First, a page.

A man who was forced to demolish his house and move his family into a mobile home due to Mica says Donegal people are being treated like second-class citizens.
The Housing Minister is tomorrow meeting with the Mica Working Group before submitting his proposals for dealing with the crisis to Cabinet.
Up to 7,000 homes in Donegal, Mayo and Sligo are thought to have been built using defective blocks that are crumbling due to high levels of the mineral Mica.
The redress scheme established in January 2020 offers homeowners 90% of the cost of repairs; however, campaign groups are calling for that to be increased to 100%.
In around one-third of cases, the houses will need to be demolished and rebuilt and the total cost is expected to be well over €1bn.
On The Hard Shoulder this evening, Gary Breslin said he had to move his family out of their home earlier this year for their own safety.
“We had to get out,” he said.
“There were cracks in every room and there was damp in my wee girl’s room and we had to put her on two inhalers because she couldn’t sleep at night – she couldn’t breathe.
“Then my wife and I were lying in bed and we heard the banging and the cracking. We didn’t know what it was, we thought there was somebody outside, but it was the house itself starting to move and shift.”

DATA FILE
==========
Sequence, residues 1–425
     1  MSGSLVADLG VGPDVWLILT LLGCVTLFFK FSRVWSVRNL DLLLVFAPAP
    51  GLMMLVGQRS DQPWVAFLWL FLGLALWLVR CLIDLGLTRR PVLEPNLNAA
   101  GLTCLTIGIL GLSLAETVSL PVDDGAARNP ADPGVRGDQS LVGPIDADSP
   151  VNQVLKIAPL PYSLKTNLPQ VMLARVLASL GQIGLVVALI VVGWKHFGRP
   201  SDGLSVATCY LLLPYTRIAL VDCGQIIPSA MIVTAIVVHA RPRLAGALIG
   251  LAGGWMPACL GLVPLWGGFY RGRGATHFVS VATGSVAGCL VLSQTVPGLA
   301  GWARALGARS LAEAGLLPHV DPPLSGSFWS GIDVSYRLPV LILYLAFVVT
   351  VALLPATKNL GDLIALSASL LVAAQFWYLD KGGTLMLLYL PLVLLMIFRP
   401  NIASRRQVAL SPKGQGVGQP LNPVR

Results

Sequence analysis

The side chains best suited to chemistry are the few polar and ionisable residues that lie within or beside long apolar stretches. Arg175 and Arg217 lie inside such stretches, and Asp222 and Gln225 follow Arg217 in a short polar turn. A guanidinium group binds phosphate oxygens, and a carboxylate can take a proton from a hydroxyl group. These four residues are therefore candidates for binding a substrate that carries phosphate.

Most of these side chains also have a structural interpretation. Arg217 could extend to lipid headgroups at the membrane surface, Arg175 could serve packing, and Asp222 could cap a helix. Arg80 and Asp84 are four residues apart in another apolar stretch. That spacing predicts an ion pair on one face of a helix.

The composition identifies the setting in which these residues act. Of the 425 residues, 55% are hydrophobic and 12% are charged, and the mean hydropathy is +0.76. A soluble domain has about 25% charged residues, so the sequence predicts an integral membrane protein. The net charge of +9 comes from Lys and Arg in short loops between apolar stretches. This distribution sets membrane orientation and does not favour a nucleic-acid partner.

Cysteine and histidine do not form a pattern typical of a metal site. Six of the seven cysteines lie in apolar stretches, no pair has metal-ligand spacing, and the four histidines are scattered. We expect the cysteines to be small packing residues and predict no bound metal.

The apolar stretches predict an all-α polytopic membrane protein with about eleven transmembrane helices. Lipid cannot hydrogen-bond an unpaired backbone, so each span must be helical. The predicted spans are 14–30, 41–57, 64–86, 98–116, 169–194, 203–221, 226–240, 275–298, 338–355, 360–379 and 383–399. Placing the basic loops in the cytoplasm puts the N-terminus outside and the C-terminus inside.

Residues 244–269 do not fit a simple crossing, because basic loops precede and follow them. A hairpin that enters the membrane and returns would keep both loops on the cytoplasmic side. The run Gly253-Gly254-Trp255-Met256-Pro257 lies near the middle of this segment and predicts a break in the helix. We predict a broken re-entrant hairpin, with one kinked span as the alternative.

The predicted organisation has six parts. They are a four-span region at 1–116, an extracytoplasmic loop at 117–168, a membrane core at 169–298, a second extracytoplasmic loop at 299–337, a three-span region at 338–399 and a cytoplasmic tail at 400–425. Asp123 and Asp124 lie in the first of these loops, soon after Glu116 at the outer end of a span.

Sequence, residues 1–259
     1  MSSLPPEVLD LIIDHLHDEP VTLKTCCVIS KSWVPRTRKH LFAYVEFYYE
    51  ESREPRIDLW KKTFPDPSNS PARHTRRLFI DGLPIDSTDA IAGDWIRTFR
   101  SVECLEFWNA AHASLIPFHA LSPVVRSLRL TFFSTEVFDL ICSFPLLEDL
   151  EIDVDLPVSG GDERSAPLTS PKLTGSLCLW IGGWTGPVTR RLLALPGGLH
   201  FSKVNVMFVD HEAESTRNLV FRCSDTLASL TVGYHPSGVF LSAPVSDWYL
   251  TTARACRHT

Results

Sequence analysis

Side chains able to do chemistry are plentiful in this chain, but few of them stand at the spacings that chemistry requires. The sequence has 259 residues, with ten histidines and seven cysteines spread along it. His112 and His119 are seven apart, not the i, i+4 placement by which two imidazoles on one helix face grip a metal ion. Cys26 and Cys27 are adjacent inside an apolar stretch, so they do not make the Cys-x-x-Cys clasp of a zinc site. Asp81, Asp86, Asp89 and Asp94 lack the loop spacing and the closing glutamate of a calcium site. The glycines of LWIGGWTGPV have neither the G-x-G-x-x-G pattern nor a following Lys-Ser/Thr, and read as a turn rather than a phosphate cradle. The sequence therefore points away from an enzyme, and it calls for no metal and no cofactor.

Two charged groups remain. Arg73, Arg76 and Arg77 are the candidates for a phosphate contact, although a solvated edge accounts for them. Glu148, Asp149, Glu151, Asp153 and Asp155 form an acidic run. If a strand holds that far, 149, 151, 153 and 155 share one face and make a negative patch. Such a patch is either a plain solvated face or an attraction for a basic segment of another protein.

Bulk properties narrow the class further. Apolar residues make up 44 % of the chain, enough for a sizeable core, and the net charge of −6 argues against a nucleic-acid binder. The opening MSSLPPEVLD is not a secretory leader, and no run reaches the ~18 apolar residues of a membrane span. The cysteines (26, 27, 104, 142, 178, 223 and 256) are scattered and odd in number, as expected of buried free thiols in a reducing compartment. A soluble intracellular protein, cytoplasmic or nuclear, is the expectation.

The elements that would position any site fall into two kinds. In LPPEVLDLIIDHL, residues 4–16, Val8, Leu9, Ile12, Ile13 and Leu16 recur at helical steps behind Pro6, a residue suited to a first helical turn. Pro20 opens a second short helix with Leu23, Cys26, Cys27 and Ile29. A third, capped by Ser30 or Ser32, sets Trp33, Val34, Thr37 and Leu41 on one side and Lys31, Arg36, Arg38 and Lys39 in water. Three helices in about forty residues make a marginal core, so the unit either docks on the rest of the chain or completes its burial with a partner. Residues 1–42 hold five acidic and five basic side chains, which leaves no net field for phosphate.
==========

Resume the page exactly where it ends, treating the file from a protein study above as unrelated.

He said the house was finished in 2007 and he first noticed the cracks appearing in 2014.
“They were only hairline cracks at the start but towards the end then they were getting very big,” he said.
“You could pick away at the house yourself and towards the last month, before we actually demolished it, I saw in one corner, it wasn’t cracking anymore, it was starting to slide – so you could see the corners moving.
“We thought there is a five-tonne roof sitting on top of this with slabs and everything and we are in there and we just don’t feel safe. We didn’t feel safe so we had to get out.”
He said the soaring cost of labour and materials mean the family can’t afford to pay the 10% under the current scheme.
They also can’t afford to pay rent alongside their mortgage and have spent the last two months living in a mobile home on the property.
He said asking people affected by Mica to fork out 10% is treating them like second-hand citizens when pyrite-affected homeowners in Dublin were offered 100% redress.
“They are talking now about taxpayers’ money, but it was taxpayers that bailed out the banks and it was never brought up,” he said.
“It was taxpayers’ money that bailed out the 100% for the pyrite and nobody was asked about it but now it sems like Donegal is looking for 100% and seemingly now it is taxpayers’ money and we are not the same as the rest of the country.
“It doesn’t sound like we are part of the country anymore. Like if we want it, we have to do it ourselves. I don’t see why we are second class citizens at the end of the day.”
The Housing Minister has previously said that Banks and insurance companies will be asked to contribute to the mica and pyrite redress schemes.
The mica redress scheme has already cost the taxpayer more than €1bn, while the pyrite scheme has cost around €160m.
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